In an address at the White House Rose Garden, Trump announced a series of sweeping measures designed to eliminate government regulations that may have been hindering the federal response to the coronavirus outbreak. Most of Trump's address was devoted to the administration's plans for making diagnostic testing more available across the country -- an issue that has become a flash point for criticism of the administration's response to the virus.
In his emergency declaration, Trump said that previous government regulation included "very old and obsolete" rules. The new declaration would enable the U.S. Department of Health and Human Services (HHS) to waive rules that may have impeded hospitals and healthcare providers from responding adequately to the coronavirus outbreak. The declaration would also make available $50 billion in federal funding to fight the outbreak.
But Trump reserved the lion's share of his speech to explain what the administration is doing to make diagnostic test kits more available to test for SARS-CoV-2. Healthcare providers and clinical labs in the field have complained that they have not had enough coronavirus tests available to meet demand, and some have claimed that testing criteria have been too restrictive.
The new plan relies on a combination of making more testing capacity available and at the same time making it easier for Americans to get tested, such as with drive-through testing sites. The administration is also working with Google to set up a website that will enable Americans to determine on their own whether they should seek out testing.
With respect to testing capacity, Trump explained the work the administration has been doing with diagnostics manufacturers such as Roche and Thermo Fisher that builds on a meeting between diagnostics vendors and the government last week.
Roche developed a high-throughput test for the coronavirus, cobas SARS-CoV-2, that received emergency use authorization (EUA) from the U.S. Food and Drug Administration (FDA) within 24 hours of submission of an application. The test's high-volume capacity should be a step forward in meeting demand for coronavirus testing, Trump said.
Trump noted that a second test, by Thermo Fisher Scientific, is following quickly behind the Roche assay, and he hopes that the FDA will also be able to approve this test within 24 hours of receiving an application. Taken together, the two tests should expand coronavirus testing capacity by 1.4 million tests, Trump said.
In remarks given after Trump's speech, Dr. Deborah Birx, who was named White House coronavirus response coordinator last month, contrasted the administration's response to the coronavirus outbreak with the slower response to the HIV outbreak in the 1980s. The first AIDS cases appeared in 1981, but a test wasn't available until 1985, she said.
Birx also noted that much of the administration's work on coronavirus response has been happening out of the public spotlight.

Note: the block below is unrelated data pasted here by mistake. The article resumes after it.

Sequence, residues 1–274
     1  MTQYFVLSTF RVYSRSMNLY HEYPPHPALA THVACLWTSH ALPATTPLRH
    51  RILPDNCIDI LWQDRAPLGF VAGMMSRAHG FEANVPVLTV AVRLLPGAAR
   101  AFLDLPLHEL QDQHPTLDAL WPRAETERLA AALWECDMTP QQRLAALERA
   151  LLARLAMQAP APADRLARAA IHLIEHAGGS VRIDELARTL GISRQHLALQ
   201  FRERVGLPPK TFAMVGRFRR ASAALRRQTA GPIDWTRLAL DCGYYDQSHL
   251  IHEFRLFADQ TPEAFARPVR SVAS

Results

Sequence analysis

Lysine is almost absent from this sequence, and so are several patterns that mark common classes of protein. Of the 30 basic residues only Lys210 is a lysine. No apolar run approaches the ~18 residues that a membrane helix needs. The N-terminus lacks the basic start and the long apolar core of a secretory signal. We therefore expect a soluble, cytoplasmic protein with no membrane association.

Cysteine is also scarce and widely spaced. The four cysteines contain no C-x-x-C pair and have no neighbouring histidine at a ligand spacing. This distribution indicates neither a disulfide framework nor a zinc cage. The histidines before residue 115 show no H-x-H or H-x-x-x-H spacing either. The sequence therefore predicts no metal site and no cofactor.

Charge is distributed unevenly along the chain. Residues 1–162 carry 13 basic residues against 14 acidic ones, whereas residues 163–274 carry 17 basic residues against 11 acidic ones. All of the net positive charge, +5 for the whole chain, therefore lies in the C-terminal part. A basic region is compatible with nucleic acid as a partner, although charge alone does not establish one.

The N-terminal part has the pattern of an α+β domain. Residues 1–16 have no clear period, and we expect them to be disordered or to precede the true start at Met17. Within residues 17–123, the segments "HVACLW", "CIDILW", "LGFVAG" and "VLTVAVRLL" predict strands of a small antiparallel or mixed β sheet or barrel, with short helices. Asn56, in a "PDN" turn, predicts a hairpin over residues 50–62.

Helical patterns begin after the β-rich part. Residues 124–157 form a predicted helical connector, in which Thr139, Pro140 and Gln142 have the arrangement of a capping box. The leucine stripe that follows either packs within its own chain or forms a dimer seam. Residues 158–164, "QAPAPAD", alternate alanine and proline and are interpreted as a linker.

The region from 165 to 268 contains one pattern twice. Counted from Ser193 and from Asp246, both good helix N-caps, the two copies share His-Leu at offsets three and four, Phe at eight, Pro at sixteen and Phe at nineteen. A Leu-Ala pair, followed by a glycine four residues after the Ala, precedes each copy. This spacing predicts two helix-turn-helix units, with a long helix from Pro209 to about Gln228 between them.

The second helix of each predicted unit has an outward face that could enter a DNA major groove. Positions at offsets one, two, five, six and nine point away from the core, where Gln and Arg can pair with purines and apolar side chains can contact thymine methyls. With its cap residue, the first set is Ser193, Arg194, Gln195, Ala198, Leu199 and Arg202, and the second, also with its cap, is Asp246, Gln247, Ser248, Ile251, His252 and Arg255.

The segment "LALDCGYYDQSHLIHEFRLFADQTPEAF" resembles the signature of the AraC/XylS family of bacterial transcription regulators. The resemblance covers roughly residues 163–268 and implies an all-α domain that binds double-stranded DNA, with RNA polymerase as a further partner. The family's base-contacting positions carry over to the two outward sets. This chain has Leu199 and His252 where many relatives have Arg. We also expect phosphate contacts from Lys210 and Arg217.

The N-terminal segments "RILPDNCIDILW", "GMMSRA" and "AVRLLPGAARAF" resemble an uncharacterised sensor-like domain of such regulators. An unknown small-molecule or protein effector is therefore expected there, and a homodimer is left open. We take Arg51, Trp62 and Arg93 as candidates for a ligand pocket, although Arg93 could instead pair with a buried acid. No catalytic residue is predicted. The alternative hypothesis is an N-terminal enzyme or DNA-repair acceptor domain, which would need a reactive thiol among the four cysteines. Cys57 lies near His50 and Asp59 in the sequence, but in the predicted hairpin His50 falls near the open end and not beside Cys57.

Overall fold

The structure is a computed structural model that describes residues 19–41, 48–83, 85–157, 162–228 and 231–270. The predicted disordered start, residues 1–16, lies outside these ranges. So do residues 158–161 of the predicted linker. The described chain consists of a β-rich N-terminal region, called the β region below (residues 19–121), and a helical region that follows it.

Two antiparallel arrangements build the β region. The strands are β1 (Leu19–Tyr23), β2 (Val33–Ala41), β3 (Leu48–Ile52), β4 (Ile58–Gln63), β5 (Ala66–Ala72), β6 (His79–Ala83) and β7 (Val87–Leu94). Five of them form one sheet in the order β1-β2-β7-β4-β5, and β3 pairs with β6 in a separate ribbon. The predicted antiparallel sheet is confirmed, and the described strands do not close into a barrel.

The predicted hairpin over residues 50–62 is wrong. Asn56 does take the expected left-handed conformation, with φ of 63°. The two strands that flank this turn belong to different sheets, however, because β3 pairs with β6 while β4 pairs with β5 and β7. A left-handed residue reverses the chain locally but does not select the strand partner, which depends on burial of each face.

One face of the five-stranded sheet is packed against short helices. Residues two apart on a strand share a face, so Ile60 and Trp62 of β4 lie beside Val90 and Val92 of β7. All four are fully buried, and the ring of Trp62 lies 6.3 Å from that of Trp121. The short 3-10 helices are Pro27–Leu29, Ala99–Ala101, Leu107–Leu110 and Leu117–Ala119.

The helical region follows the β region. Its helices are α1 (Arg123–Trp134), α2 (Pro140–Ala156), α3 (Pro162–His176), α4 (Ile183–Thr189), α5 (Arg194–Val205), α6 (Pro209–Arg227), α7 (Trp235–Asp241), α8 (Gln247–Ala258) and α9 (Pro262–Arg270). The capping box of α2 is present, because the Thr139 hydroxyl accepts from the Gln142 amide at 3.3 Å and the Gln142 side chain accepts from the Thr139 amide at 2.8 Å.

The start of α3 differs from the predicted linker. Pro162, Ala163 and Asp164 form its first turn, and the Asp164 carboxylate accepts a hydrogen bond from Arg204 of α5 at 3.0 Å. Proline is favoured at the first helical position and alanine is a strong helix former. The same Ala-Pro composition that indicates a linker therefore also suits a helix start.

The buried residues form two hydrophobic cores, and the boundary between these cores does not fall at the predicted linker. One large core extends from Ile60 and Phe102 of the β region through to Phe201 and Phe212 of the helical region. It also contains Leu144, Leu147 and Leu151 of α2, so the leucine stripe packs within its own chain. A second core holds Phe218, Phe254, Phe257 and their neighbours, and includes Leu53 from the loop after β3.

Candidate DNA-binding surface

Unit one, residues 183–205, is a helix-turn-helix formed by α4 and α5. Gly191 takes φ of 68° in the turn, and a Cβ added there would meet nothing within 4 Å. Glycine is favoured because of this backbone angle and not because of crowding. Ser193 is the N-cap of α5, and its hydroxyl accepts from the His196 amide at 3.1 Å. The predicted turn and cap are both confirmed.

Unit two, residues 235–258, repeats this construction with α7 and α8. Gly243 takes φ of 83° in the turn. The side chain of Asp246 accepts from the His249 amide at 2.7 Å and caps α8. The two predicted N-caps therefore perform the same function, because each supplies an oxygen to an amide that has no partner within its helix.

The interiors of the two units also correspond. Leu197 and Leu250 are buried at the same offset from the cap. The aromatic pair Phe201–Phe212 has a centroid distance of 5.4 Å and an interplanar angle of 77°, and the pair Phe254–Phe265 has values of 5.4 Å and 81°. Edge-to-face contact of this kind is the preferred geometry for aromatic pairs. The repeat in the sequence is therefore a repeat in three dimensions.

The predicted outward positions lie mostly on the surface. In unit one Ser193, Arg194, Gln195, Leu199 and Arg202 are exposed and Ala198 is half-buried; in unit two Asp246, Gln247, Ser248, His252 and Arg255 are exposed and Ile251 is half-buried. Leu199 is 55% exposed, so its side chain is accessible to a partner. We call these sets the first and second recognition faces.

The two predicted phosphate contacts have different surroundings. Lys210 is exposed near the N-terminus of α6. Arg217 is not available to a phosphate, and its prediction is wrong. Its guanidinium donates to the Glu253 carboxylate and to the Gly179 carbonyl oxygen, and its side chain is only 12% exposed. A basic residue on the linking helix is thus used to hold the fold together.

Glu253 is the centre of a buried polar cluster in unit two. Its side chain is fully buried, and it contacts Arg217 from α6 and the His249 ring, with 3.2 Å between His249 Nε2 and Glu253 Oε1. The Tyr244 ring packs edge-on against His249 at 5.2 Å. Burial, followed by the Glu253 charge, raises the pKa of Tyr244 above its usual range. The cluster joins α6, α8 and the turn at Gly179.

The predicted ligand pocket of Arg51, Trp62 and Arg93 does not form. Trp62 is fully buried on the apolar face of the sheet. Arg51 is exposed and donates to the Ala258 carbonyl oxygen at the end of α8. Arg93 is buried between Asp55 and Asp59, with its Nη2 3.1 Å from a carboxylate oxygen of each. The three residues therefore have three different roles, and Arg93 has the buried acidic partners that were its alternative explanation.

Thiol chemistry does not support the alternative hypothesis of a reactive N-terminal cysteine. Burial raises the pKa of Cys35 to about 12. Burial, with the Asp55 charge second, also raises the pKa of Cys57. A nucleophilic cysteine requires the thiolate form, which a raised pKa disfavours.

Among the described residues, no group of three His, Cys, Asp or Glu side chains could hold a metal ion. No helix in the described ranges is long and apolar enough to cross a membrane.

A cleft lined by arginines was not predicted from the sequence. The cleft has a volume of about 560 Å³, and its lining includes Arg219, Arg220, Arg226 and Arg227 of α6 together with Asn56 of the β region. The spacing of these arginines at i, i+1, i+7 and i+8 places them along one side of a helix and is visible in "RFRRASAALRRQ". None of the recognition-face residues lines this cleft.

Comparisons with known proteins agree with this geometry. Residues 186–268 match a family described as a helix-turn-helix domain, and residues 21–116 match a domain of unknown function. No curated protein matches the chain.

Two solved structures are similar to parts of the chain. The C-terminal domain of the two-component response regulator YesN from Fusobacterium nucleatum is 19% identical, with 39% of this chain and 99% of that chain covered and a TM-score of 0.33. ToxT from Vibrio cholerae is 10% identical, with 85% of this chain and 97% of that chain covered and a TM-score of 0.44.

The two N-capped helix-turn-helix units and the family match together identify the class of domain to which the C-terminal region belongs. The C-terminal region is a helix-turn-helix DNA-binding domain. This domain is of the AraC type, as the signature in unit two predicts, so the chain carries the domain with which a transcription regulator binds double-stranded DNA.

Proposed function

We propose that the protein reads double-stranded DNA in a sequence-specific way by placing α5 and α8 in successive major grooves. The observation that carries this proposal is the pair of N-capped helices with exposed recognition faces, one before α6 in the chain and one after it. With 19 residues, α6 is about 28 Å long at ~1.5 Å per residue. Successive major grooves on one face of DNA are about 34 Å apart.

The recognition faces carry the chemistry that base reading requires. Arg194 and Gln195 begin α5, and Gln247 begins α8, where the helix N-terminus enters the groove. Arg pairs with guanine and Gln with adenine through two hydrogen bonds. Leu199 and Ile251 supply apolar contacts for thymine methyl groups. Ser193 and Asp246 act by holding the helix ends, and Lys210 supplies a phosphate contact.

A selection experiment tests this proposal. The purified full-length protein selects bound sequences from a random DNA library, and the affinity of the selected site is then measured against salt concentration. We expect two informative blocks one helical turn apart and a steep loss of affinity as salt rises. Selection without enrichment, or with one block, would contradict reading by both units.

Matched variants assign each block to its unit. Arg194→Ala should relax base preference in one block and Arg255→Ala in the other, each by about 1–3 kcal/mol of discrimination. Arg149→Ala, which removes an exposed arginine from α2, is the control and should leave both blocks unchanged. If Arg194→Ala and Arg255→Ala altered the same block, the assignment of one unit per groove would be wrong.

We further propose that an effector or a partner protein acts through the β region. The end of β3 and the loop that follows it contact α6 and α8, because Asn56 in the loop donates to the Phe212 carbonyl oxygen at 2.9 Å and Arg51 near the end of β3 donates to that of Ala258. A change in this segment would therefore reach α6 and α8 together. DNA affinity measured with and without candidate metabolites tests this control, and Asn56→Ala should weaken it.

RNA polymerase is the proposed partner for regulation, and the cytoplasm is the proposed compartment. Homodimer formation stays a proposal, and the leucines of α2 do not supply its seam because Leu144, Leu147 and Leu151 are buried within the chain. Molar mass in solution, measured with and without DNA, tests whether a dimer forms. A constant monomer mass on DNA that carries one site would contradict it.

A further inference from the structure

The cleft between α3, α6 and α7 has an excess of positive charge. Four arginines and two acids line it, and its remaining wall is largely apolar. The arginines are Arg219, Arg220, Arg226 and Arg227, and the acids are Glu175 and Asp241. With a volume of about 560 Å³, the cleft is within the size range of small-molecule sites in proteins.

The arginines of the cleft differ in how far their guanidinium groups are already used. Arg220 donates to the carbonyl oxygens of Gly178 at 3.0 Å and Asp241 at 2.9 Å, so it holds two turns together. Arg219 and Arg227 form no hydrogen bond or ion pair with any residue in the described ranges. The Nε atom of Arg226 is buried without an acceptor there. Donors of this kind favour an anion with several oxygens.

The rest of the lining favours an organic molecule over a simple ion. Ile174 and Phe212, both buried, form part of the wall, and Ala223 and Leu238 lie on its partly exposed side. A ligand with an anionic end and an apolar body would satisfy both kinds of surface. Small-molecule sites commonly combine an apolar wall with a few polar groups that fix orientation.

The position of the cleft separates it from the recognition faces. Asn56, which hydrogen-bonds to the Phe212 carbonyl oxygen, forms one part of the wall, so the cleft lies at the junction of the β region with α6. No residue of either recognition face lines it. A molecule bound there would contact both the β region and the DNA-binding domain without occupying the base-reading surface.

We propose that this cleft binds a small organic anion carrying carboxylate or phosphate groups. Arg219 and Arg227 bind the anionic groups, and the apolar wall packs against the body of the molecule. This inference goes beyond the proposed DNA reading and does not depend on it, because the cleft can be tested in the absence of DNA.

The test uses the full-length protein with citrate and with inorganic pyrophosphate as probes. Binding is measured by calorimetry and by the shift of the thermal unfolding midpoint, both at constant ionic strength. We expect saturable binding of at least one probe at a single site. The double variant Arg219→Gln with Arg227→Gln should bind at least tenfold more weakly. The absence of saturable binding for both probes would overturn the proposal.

"I understand that a lot of this behind-the-scenes action over the last couple of weeks was invisible to the press and American people," Birx said. "But this intense effort has not only resulted in innovative solutions, but an automated high-throughput system bringing the availability of quality coronaviral testing to the American people at unprecedented speed."
The second element of the plan to expand coronavirus testing is to make the kits more available to the public. To that end, the administration plans to work with retailers such as Walmart, CVS, Walgreens, and Target to aggressively expand the number of testing sites. An executive with Walmart, for example, pledged to devote space in the stores' parking lots to drive-through testing sites.
The final point in the plan is to help Americans decide whether they should get tested. Trump noted that the administration did not want everyone to get tested -- only those who met certain criteria. To that end, the administration has been working with Google to set up a website that will allow Americans to find out if they need a test by answering a series of questions.
If individuals confirm that they have symptoms of COVID-19, they will be directed to a drive-through testing facility. By running samples through high-throughput systems like the Roche and Thermo Fisher devices, results will be available in 24 to 36 hours, Birx said.
In his own remarks at the press conference, Dr. Anthony Fauci, director of the U.S. National Institute of Allergy and Infectious Diseases, said the new plan would help remove constraints that have hindered the government's response to the outbreak.
"We still have a long way to go, there will be many more cases, but we will take care of that," Fauci said. "Ultimately ... this will end, but what's going on here today is going to help it to end sooner than it would have."
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